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Review San Jose, CA, Wed, 08 November 2006

The Who delivers uneven show in San Jose

The Mercury News, 09-11-2006

For Halloween, the two remaining original members of the Who -- vocalist Roger Daltrey and guitarist Pete Townshend -- masqueraded as real recording artists and released their first new studio set since 1982's "It's Hard."

"Endless Wire" is a pretty fine effort, especially coming from a band that took a 25-year hiatus between albums, and these Englanders are justifiably proud of it.

That pride, however, led these rock legends to put on a show Wednesday night at the HP Pavilion in San Jose that wasn't nearly as enjoyable as the ones at the Shoreline Amphitheatre in Mountain View back in 2002 and 2004.

Let's face facts here for a minute. What are Who fans looking for from the band in 2006? They want the hits. They want to scream along at the top of their lungs to "Anyway, Anyhow, Anywhere" and "Baba O'Riley." Most significantly, they are looking for a show with momentum that keeps them up on their feet and dancing from the opener to the closing number. That's exactly what they got during those two Shoreline dates.

In contrast, the Who was determined to force-feed the crowd new material in San Jose and, really, fans weren't biting. There was a dramatic drop-off in enthusiasm from the audience whenever the Who played new songs and that really derailed much of the show.

Kicking off in fine fashion with "I Can't Explain," the band initially had the crowd eating out of its palm as it followed that traditional opener with rocking renditions of "The Seeker" and "Substitute." That early momentum was enough to carry the group, and the crowd, through the first offering from the new album, "Fragments."

The band sounded great -- especially Ringo Starr's kid, Zak Starkey, on drums -- as it rolled through a forceful rendition of the classic "Who Are You." The tune sounded nearly as powerful as when it first came out in the late '70s, although, thanks to hip-hop, dropping the f-bomb doesn't carry the same weight it once did.

After a lukewarm take on "Behind Blue Eyes," the band played the entire six-track mini-opera from this year's "Wire and Glass" EP (which was also included as part of "Endless Wire"). It was a gutsy move, but one that didn't pay off. Many of the fans, most of whom were obviously unfamiliar with the material, sat down and simply waited politely for the segment to finish.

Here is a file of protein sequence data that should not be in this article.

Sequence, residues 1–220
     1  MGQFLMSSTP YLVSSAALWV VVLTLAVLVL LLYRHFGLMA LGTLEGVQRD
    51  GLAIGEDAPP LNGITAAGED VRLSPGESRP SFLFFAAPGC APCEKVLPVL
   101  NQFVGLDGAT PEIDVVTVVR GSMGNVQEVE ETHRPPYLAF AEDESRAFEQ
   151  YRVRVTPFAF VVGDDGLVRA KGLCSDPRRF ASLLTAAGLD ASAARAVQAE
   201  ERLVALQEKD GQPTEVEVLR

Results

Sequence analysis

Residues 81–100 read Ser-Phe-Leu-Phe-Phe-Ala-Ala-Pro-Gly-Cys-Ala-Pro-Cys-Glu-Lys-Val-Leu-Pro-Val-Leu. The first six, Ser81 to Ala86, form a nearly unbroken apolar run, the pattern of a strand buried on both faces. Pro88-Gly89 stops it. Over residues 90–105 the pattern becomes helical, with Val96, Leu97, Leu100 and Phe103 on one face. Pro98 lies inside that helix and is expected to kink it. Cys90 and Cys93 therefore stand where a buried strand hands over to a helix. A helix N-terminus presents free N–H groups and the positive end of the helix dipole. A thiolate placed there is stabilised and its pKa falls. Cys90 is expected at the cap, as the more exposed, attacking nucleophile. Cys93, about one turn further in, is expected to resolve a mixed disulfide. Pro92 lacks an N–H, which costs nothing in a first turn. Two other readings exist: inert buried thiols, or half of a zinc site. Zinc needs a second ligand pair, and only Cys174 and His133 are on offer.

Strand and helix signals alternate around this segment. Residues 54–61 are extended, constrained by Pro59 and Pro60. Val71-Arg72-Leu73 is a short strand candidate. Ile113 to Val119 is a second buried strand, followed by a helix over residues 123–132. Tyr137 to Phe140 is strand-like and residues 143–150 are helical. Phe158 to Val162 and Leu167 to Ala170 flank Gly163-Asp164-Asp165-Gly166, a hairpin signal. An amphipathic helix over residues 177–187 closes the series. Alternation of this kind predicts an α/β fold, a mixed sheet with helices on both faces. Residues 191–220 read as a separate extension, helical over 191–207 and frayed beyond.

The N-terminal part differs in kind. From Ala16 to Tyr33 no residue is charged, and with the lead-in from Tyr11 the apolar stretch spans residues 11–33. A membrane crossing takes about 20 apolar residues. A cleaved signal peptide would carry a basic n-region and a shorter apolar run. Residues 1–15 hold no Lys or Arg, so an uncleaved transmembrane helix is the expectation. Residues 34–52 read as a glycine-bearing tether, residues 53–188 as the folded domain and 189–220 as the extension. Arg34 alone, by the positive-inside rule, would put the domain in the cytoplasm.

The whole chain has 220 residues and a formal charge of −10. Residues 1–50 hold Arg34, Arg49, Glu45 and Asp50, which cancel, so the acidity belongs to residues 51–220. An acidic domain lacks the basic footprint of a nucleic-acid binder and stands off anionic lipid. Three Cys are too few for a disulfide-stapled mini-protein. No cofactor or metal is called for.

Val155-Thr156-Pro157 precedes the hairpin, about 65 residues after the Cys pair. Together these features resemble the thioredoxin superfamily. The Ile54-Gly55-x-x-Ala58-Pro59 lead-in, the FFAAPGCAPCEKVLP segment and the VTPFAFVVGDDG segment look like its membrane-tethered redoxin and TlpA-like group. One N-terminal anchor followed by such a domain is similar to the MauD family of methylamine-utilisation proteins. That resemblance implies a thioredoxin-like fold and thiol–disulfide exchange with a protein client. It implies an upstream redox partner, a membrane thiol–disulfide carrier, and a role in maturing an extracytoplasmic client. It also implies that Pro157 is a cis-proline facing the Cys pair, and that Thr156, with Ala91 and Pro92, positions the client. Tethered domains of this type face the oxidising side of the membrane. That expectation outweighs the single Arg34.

Just to be clear, a polite response from the crowd isn't usually what occurs at a Who show.

Folks were back on their feet for the always-enjoyable "Baba O'Riley," which once again hit with the force of a wrecking ball, and the too-slick "Eminence Front." Daltrey, moving a bit slower than usual on this night, rose to the occasion with "Baba O'Riley" and Townshend was definitely on his game for "Eminence Front."

Yet, the good times wouldn't last as the band reopened the book on "Endless Wire" and bored the crowd with a triple-shot of "A Man in a Purple Dress," "Black Widow's Eyes" and "Mike Post Theme."

The group did its best to get back on track with "You Better You Bet" and the anthem "My Generation," during which Pino Palladino masterfully recreated the memorable work of original Who bassist John Entwistle (who died of a cocaine-induced heart attack in 2002).

The main set came to a close with the fan-favorite "Won't Get Fooled Again." That song was a showcase for the entire band -- from Starkey's beat-happy runs to the fine rhythm-guitar work of Pete Townshend's brother Simon -- but it was mostly an opportunity for Daltrey to shine. He did just that as he summoned up the will necessary for the Shark Tank-shaking howl that came near the song's conclusion.

The band filled its encore with tracks from its most famous rock opera, 1969's "Tommy," and the result couldn't have been much more different than what it achieved with "Wire and Glass." Led by Townshend's most passionate playing of the evening, the Who knocked the crowd for a loop with stellar takes on "Pinball Wizard," "Amazing Journey" and "Sparks."

The Who was moving with the momentum of a freight train by the time it hit the "See Me" and "Listening to You" segments of "We're Not Gonna Take It!" Too bad the rest of the show wasn't nearly as good.

It's hard to knock a band for wanting to play new material, just like it's difficult to rag on a fan base that wants to hear old hits. It's just the situation that the Who finds itself in after waiting 25 years between albums.

Jim Harrington, Medianews